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Pope search is a chance for change

The Pope has figured out what he’s giving up for Lent. Last week Pope Benedict XVI shocked the world by announcing his resignation from the papacy due to what he described as “advanced age.” Cardinals are now tasked with the duty of electing a new pope, so what better time than now to make dramatic change within one of the Western world’s oldest institutions?

Breaking tradition is certainly not a trait the Catholic church usually possesses, but the pope’s resignation was radical enough to shake even some of his inner circle’s zucchetto caps. This is primarily because he is the first pope to resign in almost 600 years and every other pope who has served has stayed in his position until death.

He is not a man of progress, though. Pope Benedict leaves behind a papacy marred by numerous sexual abuse cover-ups, allegations of human rights abuses and insensitivity towards Islam and Judaism. Not to mention much more archaic ideas about gay rights and birth control than held by his predecessor John Paul II, or many of his followers.

While some believe it is noble of Benedict to quit a position he feels unfit to run any longer, others believe the resignation, which will take effect Thursday, is simply an easy way out. Once out of his position he will distance himself even farther from his numerous cover-ups. In fact, Vatican sources announced that he will continue to live in the mini city-state of holiness for “protection.”

The Guardian’s Jonathan Freedland reported on Feb. 15, “The child abuse scandal in the Catholic church has spread to some 65 countries, with victims estimated to be in the many thousands.” Rather than pay for his actions of covering up so many of these during his decades in the clergy, Benedict will hide away in lavish comfort until he dies. No matter how old Benedict is and how important his influence goes, he should still answer for his actions.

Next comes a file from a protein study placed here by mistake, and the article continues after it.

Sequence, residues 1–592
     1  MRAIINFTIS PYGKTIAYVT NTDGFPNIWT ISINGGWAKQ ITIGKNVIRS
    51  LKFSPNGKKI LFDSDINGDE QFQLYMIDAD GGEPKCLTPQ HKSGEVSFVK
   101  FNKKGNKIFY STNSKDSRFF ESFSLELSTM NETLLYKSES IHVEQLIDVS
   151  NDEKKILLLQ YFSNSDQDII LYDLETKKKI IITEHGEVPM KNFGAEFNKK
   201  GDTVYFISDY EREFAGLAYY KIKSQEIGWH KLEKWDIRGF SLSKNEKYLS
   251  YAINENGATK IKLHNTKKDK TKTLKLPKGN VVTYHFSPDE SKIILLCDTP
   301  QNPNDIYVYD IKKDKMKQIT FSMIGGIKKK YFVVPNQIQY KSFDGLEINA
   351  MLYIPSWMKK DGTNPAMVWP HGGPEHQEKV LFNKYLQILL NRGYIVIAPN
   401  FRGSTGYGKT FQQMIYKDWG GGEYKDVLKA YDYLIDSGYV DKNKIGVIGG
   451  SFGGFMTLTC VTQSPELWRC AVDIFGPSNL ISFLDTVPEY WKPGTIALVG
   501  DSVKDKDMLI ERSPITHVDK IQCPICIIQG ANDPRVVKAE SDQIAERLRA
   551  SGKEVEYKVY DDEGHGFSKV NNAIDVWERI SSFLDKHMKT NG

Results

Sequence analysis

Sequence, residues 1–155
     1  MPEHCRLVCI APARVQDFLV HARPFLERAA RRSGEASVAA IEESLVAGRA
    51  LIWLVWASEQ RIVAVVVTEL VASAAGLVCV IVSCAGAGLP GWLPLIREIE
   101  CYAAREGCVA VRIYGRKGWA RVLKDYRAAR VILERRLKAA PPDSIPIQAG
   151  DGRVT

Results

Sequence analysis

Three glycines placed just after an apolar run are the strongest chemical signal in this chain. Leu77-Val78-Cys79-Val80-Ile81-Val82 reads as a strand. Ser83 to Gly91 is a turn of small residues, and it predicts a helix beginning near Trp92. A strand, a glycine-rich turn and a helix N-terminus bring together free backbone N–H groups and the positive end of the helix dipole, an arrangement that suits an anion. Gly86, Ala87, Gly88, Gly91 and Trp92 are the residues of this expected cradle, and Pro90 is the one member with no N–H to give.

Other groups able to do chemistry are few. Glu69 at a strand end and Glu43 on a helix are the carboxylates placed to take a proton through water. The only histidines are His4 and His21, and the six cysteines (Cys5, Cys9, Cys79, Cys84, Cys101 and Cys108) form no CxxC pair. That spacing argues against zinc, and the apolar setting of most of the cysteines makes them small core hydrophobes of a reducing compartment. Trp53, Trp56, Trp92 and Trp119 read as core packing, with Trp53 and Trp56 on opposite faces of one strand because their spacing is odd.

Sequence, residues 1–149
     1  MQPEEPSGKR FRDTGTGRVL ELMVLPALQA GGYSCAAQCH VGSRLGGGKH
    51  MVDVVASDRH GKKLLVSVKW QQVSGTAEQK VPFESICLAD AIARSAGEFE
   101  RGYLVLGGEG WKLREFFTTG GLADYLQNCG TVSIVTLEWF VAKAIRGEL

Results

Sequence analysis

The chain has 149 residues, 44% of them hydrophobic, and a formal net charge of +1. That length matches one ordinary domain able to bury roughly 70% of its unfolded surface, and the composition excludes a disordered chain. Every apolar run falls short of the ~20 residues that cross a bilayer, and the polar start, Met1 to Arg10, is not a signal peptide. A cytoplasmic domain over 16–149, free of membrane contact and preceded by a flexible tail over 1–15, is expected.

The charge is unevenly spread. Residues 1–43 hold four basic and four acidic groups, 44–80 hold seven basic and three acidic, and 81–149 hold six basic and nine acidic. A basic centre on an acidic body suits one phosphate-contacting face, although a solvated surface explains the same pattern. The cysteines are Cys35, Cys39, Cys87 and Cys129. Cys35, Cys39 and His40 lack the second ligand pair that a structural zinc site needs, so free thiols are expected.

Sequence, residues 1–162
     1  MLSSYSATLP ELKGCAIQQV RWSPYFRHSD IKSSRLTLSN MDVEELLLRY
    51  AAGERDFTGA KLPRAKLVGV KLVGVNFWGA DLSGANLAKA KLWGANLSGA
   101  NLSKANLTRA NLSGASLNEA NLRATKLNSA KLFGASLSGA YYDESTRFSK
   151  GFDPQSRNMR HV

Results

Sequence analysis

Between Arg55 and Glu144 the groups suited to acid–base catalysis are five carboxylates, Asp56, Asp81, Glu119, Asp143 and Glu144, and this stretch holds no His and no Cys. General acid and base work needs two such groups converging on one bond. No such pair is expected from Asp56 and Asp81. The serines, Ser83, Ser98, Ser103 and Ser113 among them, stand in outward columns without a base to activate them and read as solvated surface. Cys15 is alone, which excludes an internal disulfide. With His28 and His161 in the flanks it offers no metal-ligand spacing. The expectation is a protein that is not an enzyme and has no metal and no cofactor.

At the moment the more pressing matter for the Church is appointing a new pope.

Perhaps now is the time to consider getting rid of the papacy altogether and instead urge the Church to focus its efforts on more important advances by easing bans on birth control and contraceptives, removing its oppressive hand from people’s personal lives, and investigating and prosecuting those at fault for ruining the lives of thousands of innocent children.

But of course it is not that easy to simply end almost 2,000 years of tradition, especially for a religion that is so culturally rich and significant for more than 1 billion people. So if tradition must continue on, let it at least move forward in a progressive direction. There are currently two men of color in the pool of top contenders from which an assembly of 118 cardinals will choose the new pope.

The papacy has been dominated by white European men since its creation, failing to represent Catholicism’s massive presence in Latin America, Asia, the Philippines, rapidly growing numbers in Africa, and of course, the culturally diverse United States.

A non-Caucasian, or at least a non-European, pope could bring a new perspective to the papacy. Since we won’t see a female pope any time soon, let’s urge the Church to make the progressive steps it can now to give Catholicism a new face and perhaps a more positive impact for Catholics and non-Catholics alike.

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